Nanotechnology's potential for improving drug delivery, tissue regeneration
and laboratory miniaturization is being explored by a diverse array of University
of Michigan researchers.
A handful of these leading scientists from engineering,
public health, dentistry and medicine discussed the
promise of nanotechnology for oral health diagnosis
and treatment on a special panel at the AAAS Annual
Meeting on Feb. 17.
To help get the most potent anti-cancer drugs off
the shelf and into the clinic, U-M researchers are
looking at two nanotechnology approaches to precisely
deliver drugs and visualize individual cells.
One system is a star-shaped synthetic molecule called
a dendrimer, and the other is a tiny plastic bead
called a PEBBLE.
A dendrimer is a star-shaped synthetic molecule
that can be as small as three or four nanometers
in diameter, about the size of a single molecule
of hemoglobin in a red blood cell. That means it
is also fine enough to slip through the walls of
blood vessels and get inside cells.
James R. Baker Jr. is leading the dendrimer projects
as director of the Michigan Nanotechnology Institute
for Medicine and Biological Sciences, with support
from the National Cancer Institute, NASA, and the
Bill and Melinda Gates Foundation.
The ends of a dendrimer's many branching arms can
be studded with molecules that bind to specific receptors
on the surface of cancer cells. Other arms of the
molecule can carry chemicals to mark or even kill
the target cells. Injected into the bloodstream,
dendrimers converge on cancer cells, then actually
enter the cells. There, they deliver the drugs that
kill cancer cells. In preliminary animal studies,
drugs appear to be 50 to 100 times more effective
with this sort of direct delivery, Baker said.
A group led by toxicologist Martin Philbert and
biophysicist Raoul Kopelman is working with tiny
plastic beads called PEBBLES-probes encapsulated
by biologically localized embedding.
Sized at 20 to 600 nanometers, PEBBLES can be coated
with targeting molecules and used as a very precise
contrast agent for imaging and drug delivery. Once
they reach their goal, sound or light can trigger
them to carry out their mission. In some cases, the
killer agent can be something as simple as reactive
oxygen, says Philbert, a professor of toxicology
and senior associate dean for research in U-M's School
of Public Health.
Though the PEBBLEs group has done work to get the
tiny balls inside cells, including using a gene gun
that blasts them like little bullets and attaching
them to liposomes and letting the body's own fats
provide the transportation, Philbert notes that penetration
isn't always necessary to get the medical benefits.
He says the tiny balls latched on to the outside
of selected cells can deliver "killer oxygen" on
cue to kill off the cell without penetrating it.
Panel co-organizer David Kohn, professor of biologic
and materials science in the U-M Dental School and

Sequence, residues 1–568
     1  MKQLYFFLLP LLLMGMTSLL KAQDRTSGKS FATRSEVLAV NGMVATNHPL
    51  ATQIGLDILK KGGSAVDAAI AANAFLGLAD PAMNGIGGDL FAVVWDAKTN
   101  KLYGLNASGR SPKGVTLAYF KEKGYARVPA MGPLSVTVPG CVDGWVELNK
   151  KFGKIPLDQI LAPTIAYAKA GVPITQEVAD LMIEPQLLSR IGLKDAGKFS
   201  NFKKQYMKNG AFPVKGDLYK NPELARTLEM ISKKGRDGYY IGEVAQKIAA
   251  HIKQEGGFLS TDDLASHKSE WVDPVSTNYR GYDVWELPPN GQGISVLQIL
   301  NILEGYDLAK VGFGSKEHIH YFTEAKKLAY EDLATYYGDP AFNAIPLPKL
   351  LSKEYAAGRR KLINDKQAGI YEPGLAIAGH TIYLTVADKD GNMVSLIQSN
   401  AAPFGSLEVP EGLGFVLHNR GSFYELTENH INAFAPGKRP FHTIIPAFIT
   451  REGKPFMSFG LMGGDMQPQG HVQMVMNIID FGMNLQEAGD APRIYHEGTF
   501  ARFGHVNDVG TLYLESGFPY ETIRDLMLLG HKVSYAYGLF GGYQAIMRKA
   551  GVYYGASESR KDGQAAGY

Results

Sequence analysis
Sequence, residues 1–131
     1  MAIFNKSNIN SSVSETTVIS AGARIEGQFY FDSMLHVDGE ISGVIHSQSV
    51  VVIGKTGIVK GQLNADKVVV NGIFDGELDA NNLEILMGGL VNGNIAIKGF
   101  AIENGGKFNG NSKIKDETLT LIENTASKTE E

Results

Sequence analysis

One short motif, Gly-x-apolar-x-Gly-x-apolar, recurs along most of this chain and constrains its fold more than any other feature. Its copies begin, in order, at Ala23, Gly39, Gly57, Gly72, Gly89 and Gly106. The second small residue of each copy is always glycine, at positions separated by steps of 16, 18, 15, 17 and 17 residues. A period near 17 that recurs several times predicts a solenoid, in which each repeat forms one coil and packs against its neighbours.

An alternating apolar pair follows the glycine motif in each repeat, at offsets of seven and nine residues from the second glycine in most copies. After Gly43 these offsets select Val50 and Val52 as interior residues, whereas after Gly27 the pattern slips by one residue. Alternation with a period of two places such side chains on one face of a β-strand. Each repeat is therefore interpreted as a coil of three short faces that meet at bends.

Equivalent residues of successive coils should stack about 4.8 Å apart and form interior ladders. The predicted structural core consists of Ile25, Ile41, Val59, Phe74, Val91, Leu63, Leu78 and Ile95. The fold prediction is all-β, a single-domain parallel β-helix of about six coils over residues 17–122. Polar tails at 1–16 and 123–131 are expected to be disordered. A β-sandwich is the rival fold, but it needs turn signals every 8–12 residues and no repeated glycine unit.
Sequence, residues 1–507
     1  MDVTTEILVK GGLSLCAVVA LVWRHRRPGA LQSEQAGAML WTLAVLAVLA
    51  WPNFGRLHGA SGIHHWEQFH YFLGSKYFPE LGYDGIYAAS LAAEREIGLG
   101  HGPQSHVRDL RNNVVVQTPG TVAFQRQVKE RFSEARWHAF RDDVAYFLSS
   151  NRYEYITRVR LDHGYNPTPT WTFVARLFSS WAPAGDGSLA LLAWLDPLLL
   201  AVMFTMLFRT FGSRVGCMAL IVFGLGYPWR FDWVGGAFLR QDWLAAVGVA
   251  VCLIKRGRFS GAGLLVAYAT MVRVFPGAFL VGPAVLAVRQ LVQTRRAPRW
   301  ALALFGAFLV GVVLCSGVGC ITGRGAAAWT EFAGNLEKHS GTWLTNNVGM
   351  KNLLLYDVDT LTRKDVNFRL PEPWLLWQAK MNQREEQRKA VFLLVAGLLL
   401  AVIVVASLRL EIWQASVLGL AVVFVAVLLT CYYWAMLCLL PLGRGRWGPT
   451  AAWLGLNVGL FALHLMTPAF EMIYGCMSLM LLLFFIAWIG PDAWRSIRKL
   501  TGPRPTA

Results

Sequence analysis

biomedical engineering in the College of Engineering,
studies bone structure at the molecular level. In
experiments that use tissue engineering to build
bone and other mineralized tissue, Kohn said, "we
use a process that's like nature's, but certainly
not as elegant."
The nanoscale structure of bone is crucial to its
ability to balance strength and light weight, Kohn
explains. Many anti-osteoporosis drugs on the market
today merely add mineral mass, without doing enough
to duplicate the mechanical properties of bone. "Mass
alone is not enough to impart fracture resistance," Kohn
said. Kohn's recent work is exploring ways to control
the mineral composition and structure of new bone.
Laboratory miniaturization: Reconfigurable
cell adhesion substrates
A team led by Shuichi Takayama, assistant professor
of biomedical engineering, has replicated the nano-scale
features and stickiness of cell-adhesion molecules
in a laboratory device. Studying how the surface
of a cell interacts with adhesion proteins is key
to understanding signal transduction, growth, differentiation,
motility and cell death. But in vitro models are
hard to come by.
Takayama's team has developed a substrate that can
be split into parallel cracks and then lined with
cell adhesion proteins to study cellular responses.
The cracks may be tailored from 120 to 3200 nanometers,
making them similar in size to the adhesion surfaces
found in nature. The cracks may also be adjusted
in situ to study changes in cell behavior.
AAAS Annual Meeting Advanced Seminar Oral Nanotechnology:
Innovative Strategies for Disease Detection, Diagnosis,
and Therapy 8:30 a.m. CST, Friday, Feb. 17.
The Future, Writ Small
Michigan Nanotechnology Institute for Medicine and
Biological Sciences nano.med.umich.edu/index.htm
News Media Contacts
James R. Baker MD
Ruth Dow Doan Professor of Biologic Nanotechnology, Professor of Internal Medicine
Director, Michigan Nanotechnology Institute for Medicine and Biological Sciences
Contact: Sally Pobojewski, email@example.com ,
David Kohn Ph.D.
Professor, Biologic and Materials Sciences and Biomedical Engineering
Martin Philbert, Ph.D.
Professor of Toxicology
Senior Associate Dean For Research, School of Public Health
Shuichi Takayama Ph.D.
Assistant Professor of Biomedical Engineering and Macromolecular Science and